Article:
Career Justice Department staff to outline political meddling in Stone, antitrust matters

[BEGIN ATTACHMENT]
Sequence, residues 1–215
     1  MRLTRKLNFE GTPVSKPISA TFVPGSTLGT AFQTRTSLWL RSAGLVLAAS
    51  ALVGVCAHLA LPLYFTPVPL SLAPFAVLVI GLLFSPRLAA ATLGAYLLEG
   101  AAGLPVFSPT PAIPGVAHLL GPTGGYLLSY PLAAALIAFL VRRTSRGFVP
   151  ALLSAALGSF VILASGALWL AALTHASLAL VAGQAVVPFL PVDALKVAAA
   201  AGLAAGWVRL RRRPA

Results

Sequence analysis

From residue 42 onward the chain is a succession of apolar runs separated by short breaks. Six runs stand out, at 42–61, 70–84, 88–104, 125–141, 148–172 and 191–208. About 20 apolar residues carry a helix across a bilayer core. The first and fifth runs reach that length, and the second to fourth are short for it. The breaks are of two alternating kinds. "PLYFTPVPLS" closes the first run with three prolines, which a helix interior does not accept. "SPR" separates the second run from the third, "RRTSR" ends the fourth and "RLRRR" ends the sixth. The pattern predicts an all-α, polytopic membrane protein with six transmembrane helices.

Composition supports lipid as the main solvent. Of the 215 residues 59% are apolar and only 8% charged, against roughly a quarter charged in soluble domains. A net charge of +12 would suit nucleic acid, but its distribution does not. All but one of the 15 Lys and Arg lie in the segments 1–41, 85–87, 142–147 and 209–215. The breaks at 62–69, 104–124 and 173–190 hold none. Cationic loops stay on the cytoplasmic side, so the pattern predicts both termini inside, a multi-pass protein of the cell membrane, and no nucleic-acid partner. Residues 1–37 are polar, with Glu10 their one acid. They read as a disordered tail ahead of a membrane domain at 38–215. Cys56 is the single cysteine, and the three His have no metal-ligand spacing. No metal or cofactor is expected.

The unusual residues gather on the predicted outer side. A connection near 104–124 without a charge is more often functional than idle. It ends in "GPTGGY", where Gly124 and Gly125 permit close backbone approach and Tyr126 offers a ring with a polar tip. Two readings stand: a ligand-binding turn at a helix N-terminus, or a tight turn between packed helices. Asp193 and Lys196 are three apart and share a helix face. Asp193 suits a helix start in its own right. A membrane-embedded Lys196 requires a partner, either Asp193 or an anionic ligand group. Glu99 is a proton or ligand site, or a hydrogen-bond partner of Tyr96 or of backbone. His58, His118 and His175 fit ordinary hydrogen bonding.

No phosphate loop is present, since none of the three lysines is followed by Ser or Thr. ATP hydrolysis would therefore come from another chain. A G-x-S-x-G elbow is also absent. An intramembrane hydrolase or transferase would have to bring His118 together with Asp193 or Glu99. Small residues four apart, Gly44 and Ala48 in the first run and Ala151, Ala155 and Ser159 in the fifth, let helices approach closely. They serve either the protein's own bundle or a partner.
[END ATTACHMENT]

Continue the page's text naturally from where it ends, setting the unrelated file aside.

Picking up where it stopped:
The federal office that led the prosecution of President Donald Trump’s friend Roger Stone received “heavy pressure from the highest levels of the Department of Justice” to ease its sentencing recommendation, career prosecutor Aaron Zelinsky plans to tell Congress, according to his prepared remarks. Zelinsky, who withdrew from the Roger Stone case in protest, will testify on Wednesday before the House of Representatives Judiciary Committee about political pressures that his office faced and how Tim Shea, the acting U.S. attorney at the time who was appointed by Attorney General William Barr, ultimately caved in to the pressure because he was “afraid of the President.” “I was explicitly told that the motivation for changing the sentencing memo was political, and because the U.S. Attorney was “afraid of the President,’” Zelinsky said. Stone, who was convicted of obstruction, witness tampering and lying to Congress during its investigation into Russian interference in the 2016 presidential election, is due to report to prison later this month. Zelinsky will testify alongside John Elias, a career Justice Department antitrust attorney who served as the division’s chief of staff and is now a trial attorney. Their testimony comes as Barr has increasingly faced criticism about his decisions to intervene in cases in ways that many say appear to benefit Trump personally. Elias, in prepared remarks, said he was concerned that the department opened probes of cannabis company mergers despite low market shares, as well as a probe of four automakers that had sought to work with California to set vehicle emission standards. Republicans are expected to push back on his testimony, saying he is confusing politicization with policy disagreements.

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